Melin, I don't think that ownership rights come to anything but control rights. And I take ownership to mean having some bundle of ownership rights. That is, ownership is rights-relations between persons, rights of exclusion, rights against interference with what to cultivate on the land, and so forth. The distinction of public control (or regulation) as against public ownership would seem useful in labeling a common proportion of control rights in different items: the land that is Yosemite National Park would likely be put under public-ownership talk, and what I'm not allowed to chuck into the creek in my ravine put under public-control talk. But most fundamentally, it's specific bundles of rights of control all around and all the way down for any and all occasions of ownership. To really see the levels and kinds of public versus private ownership, I think we need to think of all specific rights of control as specific ownership rights.

Edited by Boydstun
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1 hour ago, Boydstun said:

I don't think that ownership rights come to anything but control rights.

That seems fine in some contexts. But there is a bigger difference in business corporations with publicly-traded stock ("public" meaning general public, not government) between ownership and control. The outside owners own part of the corporation, but the only control of the corporation they have is to elect the board of directors or, rarer, on some other matter put to them. If the corporation pays dividends, the outside owners are owed the dividends. I wouldn't call receiving dividends "controlling." 

Amazon does not pay dividends. Jeff Bezos owns about 11% of the stock. His control of Amazon is far larger. Outside owners own the majority of the stock, but don't have near the level of control as Bezos. I have no basis to give a specific number to either.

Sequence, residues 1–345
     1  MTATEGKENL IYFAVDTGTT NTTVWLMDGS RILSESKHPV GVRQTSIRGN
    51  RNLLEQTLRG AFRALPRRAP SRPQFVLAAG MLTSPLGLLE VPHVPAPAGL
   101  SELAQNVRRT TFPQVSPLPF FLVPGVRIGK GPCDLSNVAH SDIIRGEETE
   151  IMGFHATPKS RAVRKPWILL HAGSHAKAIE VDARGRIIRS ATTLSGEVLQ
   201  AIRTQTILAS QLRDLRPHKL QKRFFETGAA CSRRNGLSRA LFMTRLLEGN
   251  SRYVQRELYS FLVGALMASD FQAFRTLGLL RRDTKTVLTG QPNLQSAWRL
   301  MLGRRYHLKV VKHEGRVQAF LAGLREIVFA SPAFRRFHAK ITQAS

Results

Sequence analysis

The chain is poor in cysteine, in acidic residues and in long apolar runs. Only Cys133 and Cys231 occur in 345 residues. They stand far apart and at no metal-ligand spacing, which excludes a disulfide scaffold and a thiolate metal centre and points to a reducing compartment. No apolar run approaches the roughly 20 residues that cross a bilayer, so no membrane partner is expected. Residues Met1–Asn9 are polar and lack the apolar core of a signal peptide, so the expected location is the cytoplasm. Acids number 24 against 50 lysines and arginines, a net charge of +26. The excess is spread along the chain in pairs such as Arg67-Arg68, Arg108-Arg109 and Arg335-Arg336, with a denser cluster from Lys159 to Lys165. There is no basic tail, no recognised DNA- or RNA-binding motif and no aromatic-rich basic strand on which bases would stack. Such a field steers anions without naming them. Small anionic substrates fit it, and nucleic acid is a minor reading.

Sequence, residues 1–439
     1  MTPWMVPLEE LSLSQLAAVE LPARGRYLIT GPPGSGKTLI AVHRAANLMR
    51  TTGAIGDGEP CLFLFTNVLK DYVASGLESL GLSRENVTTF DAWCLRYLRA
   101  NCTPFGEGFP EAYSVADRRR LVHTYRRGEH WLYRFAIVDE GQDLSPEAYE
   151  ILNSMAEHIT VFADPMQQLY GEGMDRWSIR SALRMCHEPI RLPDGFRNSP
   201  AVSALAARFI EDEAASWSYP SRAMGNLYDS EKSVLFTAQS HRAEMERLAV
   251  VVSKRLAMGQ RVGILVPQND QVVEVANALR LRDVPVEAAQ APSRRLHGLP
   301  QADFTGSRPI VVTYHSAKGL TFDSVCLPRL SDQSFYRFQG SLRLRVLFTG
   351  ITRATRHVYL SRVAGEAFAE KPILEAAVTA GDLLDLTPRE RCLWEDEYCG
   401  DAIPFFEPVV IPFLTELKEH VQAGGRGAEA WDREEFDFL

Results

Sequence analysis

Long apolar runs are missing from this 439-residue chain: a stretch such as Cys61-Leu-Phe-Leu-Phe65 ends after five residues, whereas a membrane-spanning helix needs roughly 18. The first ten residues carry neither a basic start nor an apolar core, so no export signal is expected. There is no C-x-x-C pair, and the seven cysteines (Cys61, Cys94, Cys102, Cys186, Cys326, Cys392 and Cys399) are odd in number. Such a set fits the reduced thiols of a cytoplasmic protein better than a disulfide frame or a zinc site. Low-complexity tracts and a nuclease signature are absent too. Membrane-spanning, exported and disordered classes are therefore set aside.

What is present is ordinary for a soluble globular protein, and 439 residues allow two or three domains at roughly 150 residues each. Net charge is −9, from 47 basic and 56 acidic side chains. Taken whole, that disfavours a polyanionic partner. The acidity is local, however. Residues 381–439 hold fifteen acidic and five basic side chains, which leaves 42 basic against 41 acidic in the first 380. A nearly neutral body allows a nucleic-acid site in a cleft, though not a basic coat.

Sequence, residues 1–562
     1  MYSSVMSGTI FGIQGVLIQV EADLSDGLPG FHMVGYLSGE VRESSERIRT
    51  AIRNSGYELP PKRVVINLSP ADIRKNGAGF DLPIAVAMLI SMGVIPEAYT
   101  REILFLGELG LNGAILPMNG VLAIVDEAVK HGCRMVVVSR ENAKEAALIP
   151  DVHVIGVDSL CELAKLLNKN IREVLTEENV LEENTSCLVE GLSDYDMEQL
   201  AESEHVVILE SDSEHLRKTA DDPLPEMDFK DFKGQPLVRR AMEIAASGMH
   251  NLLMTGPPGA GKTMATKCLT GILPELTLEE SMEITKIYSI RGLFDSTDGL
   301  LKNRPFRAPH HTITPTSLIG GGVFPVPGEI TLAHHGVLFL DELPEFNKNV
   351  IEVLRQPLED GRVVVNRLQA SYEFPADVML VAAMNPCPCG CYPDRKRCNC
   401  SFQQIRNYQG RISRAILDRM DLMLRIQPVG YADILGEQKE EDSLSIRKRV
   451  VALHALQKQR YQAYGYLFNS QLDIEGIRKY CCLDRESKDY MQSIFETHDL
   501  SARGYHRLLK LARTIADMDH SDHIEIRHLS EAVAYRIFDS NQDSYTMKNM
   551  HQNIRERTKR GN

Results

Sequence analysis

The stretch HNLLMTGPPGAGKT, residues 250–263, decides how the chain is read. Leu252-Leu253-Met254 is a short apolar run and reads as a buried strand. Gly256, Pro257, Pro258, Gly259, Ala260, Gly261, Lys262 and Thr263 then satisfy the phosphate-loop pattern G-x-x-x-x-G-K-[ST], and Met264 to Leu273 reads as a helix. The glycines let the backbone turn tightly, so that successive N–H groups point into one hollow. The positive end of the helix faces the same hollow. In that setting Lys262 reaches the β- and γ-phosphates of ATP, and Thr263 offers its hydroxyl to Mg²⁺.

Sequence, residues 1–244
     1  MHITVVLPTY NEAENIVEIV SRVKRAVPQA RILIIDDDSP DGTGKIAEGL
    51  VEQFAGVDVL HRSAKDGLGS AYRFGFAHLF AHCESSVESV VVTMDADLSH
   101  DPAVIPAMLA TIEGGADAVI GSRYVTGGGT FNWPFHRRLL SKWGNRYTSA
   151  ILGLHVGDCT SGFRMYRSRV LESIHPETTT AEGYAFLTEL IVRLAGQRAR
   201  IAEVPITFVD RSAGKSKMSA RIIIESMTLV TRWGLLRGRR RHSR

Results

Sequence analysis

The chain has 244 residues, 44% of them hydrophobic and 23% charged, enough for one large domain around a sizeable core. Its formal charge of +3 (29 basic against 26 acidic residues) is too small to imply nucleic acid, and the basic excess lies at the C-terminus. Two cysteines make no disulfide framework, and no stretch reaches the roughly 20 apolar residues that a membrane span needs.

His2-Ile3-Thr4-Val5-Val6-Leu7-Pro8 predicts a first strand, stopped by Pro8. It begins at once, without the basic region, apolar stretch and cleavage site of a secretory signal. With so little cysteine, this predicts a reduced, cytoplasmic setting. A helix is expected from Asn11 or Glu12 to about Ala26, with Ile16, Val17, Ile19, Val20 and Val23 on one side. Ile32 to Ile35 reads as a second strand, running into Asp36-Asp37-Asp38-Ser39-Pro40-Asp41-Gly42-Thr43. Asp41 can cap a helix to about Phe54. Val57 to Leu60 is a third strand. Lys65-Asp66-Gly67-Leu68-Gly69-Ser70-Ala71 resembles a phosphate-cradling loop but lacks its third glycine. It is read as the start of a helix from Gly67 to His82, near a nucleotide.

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I understand that those are the things such relations are customarily called, Merlin. And thanks for getting that into considerations.But every single right of the participants in that association is a set of particular controls over property, whatever they may be customarily called.

There are no property ownerships in the association you describe that are not private property ownerships. All of that is occurring within the wider setting of private property. Insofar as the government is regulating a firm--say the EPA being the ultimate control on the maximum release of chromium into water effluents from a manufacturing plant of GM--they are that small bit controller of the firm's conduct and that bit owner in the firm, even if it is not customarily called that.

Surely a distinction between the property frameworks of capitalism and socialism significantly turns on the distinction between private ownership and public ownership in the widest legal context. That is the big distinction--private/public--within which the finer arrangements can be made, and public ownership is where the third component of our economic system (the component of common defense, et al) resides. That third component, so far as I've seen, has always been present where there is capitalism (private property) from organization of the archaic state in Mesopotamia to our own modern state, that is, a significant public ownership antedating socialism.